War of the Rebellion: Serial 046 Page 0440 S.C. AND GA. COASTS, AND IN MID. AND E. FLA. Chapter XL.

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short intervals for one hour and a half. We did not return the fire from the Ironsides and monitors, as it was not deemed advisable to engage them at such, long range. The fire from the fleet, enfilading the land face and proving destructive, compelled us to cease firing. As soon as the vessels withdrew, the sharpshooters resumed their work.

Last night, as briefly mentioned in yesterday's journal, an attempt was made to seize by assault our rifle-pits, and the enemy succeeded in establishing themselves within 20 yards of them before we could re-enforce our men. The re-enforcements, however, under Lieutenant Colonel O. M. Dantzler, Twentieth Regiment South Carolina Volunteers, drove their line back, and held nearly our original vedette stations during the night. It is but simple justice to mention the decision and promptitude with which Colonel Dantzler accomplished his purpose, as well as to acknowledge the unfailing zeal and gallantry with which he has served at this post during his whole tour of duty here. The colonel was shot through the breast of his coat while pushing forward his vedettes.

The enemy's sap was advanced during last night to McMillan's burned house, and I regret to say that our fire to-day appears to have produced no other effect than to prevent much visible progress being made either forward or in completion of last night's work. It was in an imperfect state, and made of gabions and sand-bags, and I had hoped by our fire to have knocked so much of it to pieces. A flag of truce was sent out at dawn to deliver a communication from General Beauregard to General Gillmore.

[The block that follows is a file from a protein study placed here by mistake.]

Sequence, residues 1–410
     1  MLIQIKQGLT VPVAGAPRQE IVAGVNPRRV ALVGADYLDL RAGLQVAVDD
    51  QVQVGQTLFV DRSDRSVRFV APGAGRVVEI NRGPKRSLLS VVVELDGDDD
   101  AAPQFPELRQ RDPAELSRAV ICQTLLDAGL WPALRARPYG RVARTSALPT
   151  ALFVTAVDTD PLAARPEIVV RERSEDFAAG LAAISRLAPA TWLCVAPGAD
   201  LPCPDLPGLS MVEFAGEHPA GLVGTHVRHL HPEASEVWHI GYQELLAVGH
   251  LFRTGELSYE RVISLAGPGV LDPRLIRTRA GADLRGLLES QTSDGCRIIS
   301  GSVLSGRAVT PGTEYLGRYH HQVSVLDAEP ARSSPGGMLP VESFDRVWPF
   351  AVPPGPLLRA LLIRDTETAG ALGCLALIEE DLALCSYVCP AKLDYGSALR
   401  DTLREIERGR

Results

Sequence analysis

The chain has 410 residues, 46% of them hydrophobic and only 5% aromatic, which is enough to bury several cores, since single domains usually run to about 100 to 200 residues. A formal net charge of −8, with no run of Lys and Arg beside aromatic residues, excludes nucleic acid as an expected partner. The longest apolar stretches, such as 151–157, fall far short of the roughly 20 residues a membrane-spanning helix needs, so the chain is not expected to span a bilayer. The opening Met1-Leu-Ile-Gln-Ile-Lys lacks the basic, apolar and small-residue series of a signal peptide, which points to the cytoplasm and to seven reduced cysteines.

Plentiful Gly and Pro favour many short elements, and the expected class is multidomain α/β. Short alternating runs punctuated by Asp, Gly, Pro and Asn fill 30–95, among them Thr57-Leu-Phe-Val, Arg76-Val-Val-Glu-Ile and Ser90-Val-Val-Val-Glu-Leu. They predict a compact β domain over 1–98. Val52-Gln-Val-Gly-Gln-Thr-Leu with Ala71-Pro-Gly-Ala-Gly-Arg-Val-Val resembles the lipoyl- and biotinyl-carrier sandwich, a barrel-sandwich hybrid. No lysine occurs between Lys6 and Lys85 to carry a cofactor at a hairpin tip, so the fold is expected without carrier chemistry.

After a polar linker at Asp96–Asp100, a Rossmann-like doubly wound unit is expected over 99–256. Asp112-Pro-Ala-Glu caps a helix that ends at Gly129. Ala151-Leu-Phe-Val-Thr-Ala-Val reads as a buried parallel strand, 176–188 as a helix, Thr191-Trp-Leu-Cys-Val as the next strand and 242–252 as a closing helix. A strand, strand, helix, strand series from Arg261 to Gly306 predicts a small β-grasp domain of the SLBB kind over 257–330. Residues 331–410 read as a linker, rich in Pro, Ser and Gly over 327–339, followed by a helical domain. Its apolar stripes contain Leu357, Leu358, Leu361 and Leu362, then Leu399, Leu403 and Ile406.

The damage to the fort will require all night to repair, and, consequently, I do not propose to inaugurate night fire from the fort, but I have strengthened the force in the rifle-pits, and propose to retard the enemy's work with infantry, fire from these, as far as practicable.

Casualties, 25, of which 4 killed.

Effective strength:

Infantry................................................... 816

Artillery.................................................. 251

Sharpshooters.............................................. 15

Cavalry.................................................... 11

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Aggregate................................................ 1,098

Commissary reports about seven days' rations. They are being issued to the troops.

From the manner in which the enemy's sap is being pushed, there is imminent danger of their flanking to-night or to-morrow our chain of rifle-pits, and forcing their abandonment.

My engineer has not been able to suggest a counter move. This appears to me to be a matter of great importance. Cannot the chief engineer come over to-night?

The report from Battery Gregg is herewith sent.*

Very respectfully submitted.

JOHNSON HAGOOD.

Brigadier-General, Commanding.

Captain W. F. NANCE,

Assistant Adjutant-General.

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*See Gilchrist's report of August 22, Numbers 48, p. 548, post.

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